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They are especially effective in igniting burnouts or backburns in very dry conditions, but not so effective when fuel conditions are moist.

Since controlled burns are often done during relatively high humidity levels (on the grounds that they could not be safely contained during periods of very low humidity), the driptorch is more effective and more often used.

These flares are usually discharged individually or in salvos by the pilot or automatically by tail-warning devices, and are accompanied by vigorous evasive maneuvering. states, including California and Massachusetts, have begun regulating levels of potassium perchlorate, which can be unsafe at certain levels in drinking water.

Since they are intended to deceive infrared missiles, these flares burn at temperatures of thousands of degrees, incandescing in the visible spectrum as well. Contaminated drinking water can lead to such symptoms as gastric irritation, nausea, vomiting, fever, skin rashes, and even fatal aplastic anemia.

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Fusees are also commonly carried by wildland firefighters for emergency use, to ignite an escape fire in surrounding fuels in case of being overrun by a fire if no other escape routes are available.

Calcium phosphide is often used in naval flares, as in contact with water it liberates phosphine which self ignites in contact with air; it is often used together with calcium carbide which releases acetylene.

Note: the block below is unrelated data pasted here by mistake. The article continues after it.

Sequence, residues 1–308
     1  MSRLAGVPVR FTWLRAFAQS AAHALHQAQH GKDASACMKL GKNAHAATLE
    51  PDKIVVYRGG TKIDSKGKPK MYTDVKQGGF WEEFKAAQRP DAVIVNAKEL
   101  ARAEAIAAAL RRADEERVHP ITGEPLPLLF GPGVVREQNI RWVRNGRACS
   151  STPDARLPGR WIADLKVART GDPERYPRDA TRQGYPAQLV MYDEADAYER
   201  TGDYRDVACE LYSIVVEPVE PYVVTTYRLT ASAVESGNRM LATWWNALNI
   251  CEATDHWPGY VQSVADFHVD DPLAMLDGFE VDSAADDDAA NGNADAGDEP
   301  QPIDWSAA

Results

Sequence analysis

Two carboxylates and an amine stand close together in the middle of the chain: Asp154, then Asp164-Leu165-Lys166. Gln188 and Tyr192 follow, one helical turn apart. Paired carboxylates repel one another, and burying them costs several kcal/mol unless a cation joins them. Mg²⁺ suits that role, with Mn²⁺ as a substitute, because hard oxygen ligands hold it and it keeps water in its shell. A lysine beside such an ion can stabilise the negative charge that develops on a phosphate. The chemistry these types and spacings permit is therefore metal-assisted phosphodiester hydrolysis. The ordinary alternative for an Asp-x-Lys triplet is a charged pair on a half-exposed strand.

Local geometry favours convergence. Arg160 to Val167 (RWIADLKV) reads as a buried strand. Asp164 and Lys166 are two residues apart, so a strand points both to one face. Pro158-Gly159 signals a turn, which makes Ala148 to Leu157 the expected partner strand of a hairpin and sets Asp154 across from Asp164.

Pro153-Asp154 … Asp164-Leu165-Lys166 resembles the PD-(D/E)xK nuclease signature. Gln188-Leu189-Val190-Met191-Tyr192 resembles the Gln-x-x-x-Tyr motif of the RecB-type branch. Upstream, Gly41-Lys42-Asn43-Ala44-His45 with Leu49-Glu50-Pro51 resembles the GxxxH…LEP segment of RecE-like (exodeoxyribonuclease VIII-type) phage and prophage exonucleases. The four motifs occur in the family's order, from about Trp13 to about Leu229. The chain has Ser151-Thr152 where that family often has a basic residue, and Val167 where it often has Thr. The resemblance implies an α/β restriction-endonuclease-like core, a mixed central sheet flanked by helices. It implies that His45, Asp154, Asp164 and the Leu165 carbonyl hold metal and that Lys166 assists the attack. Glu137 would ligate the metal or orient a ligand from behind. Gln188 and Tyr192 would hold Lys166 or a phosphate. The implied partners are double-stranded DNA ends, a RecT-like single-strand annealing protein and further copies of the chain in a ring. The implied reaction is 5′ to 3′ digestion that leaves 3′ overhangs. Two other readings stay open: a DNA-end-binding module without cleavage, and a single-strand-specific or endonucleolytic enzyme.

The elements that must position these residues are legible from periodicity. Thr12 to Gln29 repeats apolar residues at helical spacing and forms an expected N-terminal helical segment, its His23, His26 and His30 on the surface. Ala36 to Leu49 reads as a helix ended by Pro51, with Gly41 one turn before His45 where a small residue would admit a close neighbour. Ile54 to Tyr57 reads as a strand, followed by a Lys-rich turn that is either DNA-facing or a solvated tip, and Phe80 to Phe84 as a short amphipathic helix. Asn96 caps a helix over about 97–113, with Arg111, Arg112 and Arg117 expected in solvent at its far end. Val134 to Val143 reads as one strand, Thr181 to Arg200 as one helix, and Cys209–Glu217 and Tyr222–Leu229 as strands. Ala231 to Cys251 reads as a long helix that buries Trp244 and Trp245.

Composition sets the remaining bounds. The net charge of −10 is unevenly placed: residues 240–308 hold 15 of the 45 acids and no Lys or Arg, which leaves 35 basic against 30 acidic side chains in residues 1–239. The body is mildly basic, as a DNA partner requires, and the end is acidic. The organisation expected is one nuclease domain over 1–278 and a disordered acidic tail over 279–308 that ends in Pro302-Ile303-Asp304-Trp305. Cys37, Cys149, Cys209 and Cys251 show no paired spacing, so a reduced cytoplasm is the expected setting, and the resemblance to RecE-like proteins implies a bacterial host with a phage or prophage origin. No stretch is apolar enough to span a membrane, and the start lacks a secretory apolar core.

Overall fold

The ingredients are varied, but often based on strontium nitrate, potassium nitrate, or potassium perchlorate and mixed with a fuel such as charcoal, sulfur, sawdust, aluminium, magnesium, or a suitable polymeric resin.

In 1859, Martha Coston patented the Coston flare based on early work by her deceased husband Benjamin Franklin Coston.

In 1922, a "landing flare" was an aerial candle attached to a parachute and used for landing an airplane in the dark.

If a following train encountered a burning fusee it was not to pass until the fusee burned out.

Fusees made specifically for railroad use can be distinguished from highway fusees by a sharp steel spike at one end, used to embed the fusee upright in a wooden railroad tie.

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